Report rooks, council urges

18 Jan 2024, 2:39 PM

Kaipara locals are being asked to report sightings of an unwanted bird – the rook – after an unconfirmed sighting at Tinopai recently.

Nicky Fitzgibbon, the Northland Regional Council’s Biosecurity Manager – Incursions and Response – says a member of the public contacted the council recently after seeing several large black birds feeding in a Morton Bay fig tree on Tinopai Rd.

“The member of the public couldn’t get close enough to clearly ID them so reported it.”

Ms Fitzgibbon says a biosecurity staff member went to the area but could not find the birds, however, based on the description of them, it was possible they were rooks.

Rooks are native to Great Britain and Europe and were introduced to New Zealand in the 1860s to control insect pests.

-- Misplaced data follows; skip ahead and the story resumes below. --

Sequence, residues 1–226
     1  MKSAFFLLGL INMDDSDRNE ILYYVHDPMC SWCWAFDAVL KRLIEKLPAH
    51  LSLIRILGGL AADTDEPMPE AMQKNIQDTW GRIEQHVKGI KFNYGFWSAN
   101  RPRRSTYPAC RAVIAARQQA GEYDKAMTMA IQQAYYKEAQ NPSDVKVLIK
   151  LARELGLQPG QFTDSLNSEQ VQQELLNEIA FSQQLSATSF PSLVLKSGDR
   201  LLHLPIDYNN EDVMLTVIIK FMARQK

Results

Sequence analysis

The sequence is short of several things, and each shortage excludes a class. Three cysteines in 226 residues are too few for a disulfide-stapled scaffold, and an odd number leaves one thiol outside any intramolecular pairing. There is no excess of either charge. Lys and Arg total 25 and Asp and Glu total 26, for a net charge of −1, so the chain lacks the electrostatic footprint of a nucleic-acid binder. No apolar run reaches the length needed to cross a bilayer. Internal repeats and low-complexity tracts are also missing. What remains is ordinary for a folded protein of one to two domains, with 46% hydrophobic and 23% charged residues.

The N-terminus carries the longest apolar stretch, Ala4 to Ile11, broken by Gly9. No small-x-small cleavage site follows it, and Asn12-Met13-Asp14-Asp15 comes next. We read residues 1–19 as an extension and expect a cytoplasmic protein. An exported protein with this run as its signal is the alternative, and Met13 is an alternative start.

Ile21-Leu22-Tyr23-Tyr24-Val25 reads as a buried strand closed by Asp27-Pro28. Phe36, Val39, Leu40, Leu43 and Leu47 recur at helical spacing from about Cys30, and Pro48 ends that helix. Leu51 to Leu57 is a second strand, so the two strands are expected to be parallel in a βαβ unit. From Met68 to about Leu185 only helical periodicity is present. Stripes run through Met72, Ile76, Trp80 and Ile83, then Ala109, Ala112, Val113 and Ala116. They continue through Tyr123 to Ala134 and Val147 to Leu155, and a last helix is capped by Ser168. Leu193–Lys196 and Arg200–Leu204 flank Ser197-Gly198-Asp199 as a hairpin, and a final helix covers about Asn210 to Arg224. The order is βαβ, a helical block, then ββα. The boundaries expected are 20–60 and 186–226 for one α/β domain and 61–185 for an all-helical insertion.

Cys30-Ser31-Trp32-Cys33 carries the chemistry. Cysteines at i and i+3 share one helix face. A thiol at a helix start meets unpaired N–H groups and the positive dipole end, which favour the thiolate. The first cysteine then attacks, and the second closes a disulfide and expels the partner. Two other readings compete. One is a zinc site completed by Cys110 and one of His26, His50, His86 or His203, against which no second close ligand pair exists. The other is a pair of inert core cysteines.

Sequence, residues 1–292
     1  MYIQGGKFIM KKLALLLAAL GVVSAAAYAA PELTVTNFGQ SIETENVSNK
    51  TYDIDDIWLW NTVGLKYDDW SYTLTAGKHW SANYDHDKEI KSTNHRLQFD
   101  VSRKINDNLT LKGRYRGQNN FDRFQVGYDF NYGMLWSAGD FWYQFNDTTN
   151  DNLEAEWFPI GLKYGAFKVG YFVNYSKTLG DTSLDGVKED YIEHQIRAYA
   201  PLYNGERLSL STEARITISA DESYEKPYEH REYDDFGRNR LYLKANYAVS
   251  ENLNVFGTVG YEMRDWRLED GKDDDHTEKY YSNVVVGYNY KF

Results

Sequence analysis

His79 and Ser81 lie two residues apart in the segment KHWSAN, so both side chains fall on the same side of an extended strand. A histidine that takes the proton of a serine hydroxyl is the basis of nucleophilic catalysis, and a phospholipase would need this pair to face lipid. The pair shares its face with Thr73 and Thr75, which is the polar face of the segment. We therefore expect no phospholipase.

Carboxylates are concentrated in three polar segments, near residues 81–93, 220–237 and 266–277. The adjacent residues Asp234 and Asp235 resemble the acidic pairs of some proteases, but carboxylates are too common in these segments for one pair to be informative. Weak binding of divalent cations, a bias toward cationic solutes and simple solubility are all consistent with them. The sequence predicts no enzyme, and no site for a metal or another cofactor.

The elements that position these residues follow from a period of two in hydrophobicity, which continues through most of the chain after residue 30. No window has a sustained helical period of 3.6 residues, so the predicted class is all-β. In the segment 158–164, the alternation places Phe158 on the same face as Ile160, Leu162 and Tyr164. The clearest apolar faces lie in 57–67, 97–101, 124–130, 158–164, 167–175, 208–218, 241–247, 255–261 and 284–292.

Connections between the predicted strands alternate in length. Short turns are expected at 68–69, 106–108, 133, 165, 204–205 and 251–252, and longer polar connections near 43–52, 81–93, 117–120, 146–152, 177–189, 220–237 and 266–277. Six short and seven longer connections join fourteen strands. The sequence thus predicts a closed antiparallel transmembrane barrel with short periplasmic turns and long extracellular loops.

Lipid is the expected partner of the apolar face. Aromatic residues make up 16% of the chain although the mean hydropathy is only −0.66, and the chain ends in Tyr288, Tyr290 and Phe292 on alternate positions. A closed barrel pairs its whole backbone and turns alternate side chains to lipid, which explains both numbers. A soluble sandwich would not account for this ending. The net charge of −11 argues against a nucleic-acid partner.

“Rooks are an exclusion animal in Northland...they’re not known to have an established population here and we want to keep it that way.”

She says rooks – black coloured birds that are slightly larger than magpies – are unwanted because they are destructive to farm and horticulture, damaging plants or tearing up pasture looking for insects.

“Unlike magpies which are black and white, adult rooks are totally black except for their face, which has light-grey skin bare of feathers.”

“Juvenile birds have a black-feathered face. Rooks have long, pointed black beaks and dark-brown eyes. They fly with steady but slow wing beats and can be identified by their harsh ‘kaah’ call.”

Ms Fitzgibbon says the council appreciated the report from the person about the possible Tinopai sighting and if anyone sees what they think may be a rook, they should contact regional council biosecurity staff.

She says more information on rooks can be found in the Pest Control Hub - Rook

A rook on pasture.

A rook.